Cover the plywood with 15-pound roofing felt, and then install the engineered or laminate floor. It’s important to put down padding as well to protect it from any kind of mold or mildew buildup from moisture, as well as to help with the concrete beneath.
Generally, you can find this in synthetic materials which helps the carpet breathe, and it’s affordable. For vinyl tile, skip the 15-pound felt and apply mastic directly to the plywood.
A thicker grade is a good idea if the concrete is uneven, to keep people walking on the surface from feeling the bumps beneath the tiling. Vinyl plank flooring, which appears wood-like, is another option that makes for easy installation and repair when needed.
If you feel that despite all precautions the basement floor may get wet, put down 2-by-4-inch sleepers, cover with plastic, and then install the plywood as the subfloor. These lock together atop a moisture barrier, and since they’re inorganic, they risk less of a chance of mold than other types of flooring.
They will need to be removed occasionally to let the concrete floor dry, but they are very comfortable to the feet. Before you begin adding a floor, make sure you’ve taken care of any moisture concerns.
Laminate floors are individual boards made of multiple layers of plywood and plastic. Laminate floors can be made to look like anything from traditional wood floors to colors and patterns that mimic the look of tile or stone floor. Because they aren’t attached directly to the substrate, and they are water-resistant, they are ideal for installing over concrete. Wood flooring has been popular for thousands of years. It is suitable for installing over concrete with a few considerations. Wood is a natural substance that is vulnerable to moisture. If you want to install it over concrete, you’ll need to install a plastic sheet to keep moisture away from your floor. If your substrate isn’t completely level, you can also putdown pressure-treated lumber and plywood to build a flat, level surface.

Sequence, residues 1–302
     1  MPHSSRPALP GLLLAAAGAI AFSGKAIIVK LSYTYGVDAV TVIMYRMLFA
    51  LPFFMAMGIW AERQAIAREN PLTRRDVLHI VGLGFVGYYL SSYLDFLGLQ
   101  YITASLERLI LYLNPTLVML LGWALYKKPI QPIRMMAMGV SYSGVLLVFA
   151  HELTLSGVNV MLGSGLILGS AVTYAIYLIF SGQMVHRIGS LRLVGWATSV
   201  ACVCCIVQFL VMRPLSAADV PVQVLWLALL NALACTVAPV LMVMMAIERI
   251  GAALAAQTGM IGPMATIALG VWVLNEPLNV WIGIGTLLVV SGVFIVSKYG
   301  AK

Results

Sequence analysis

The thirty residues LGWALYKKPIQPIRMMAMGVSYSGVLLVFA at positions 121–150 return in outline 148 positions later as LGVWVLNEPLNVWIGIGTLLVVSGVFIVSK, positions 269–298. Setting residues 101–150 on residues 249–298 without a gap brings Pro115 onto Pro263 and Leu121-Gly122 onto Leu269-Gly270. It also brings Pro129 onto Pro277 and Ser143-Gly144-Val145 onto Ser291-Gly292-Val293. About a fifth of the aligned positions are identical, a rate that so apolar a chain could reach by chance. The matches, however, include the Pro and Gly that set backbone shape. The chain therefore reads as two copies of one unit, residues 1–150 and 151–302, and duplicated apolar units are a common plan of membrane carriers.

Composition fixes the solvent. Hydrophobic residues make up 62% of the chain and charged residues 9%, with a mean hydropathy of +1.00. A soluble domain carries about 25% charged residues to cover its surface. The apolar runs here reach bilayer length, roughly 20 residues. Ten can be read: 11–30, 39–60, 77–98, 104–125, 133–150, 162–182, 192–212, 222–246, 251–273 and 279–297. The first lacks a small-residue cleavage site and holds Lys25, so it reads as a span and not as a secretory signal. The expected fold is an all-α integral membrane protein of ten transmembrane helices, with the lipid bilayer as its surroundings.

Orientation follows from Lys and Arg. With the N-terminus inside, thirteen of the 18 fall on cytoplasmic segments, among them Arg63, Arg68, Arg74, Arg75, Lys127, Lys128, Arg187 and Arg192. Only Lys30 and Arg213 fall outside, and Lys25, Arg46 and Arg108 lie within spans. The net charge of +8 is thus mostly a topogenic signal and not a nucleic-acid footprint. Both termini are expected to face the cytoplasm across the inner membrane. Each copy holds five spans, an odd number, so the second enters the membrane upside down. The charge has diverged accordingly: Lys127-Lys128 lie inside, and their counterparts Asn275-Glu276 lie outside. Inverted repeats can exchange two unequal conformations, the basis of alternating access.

One option you may not have considered is rubber tile, but if you are looking for an inexpensive, easy to install option, rubber tile could be ideal. Rubber is soft and comfortable to walk on. Most of today’s rubber flooring is actually synthetic, and virtually waterproof. Rubber tiles lock together, making them easy to install. Ceramic tile is waterproof and suitable for wet areas like kitchens and bathrooms. If your floor is flat, stable and free of large cracks, you can lay ceramic tile directly over your concrete.
Because it is completely man-made, vinyl tile comes in virtually any color and pattern you can imagine. Are you wondering what kind of floor you can install over your concrete substrate? The large home centers may have plenty of options to choose from, but they probably won’t have the knowledge to help you choose the best type of floor for your situation. We have all the flooring options you are looking for. Contact us today.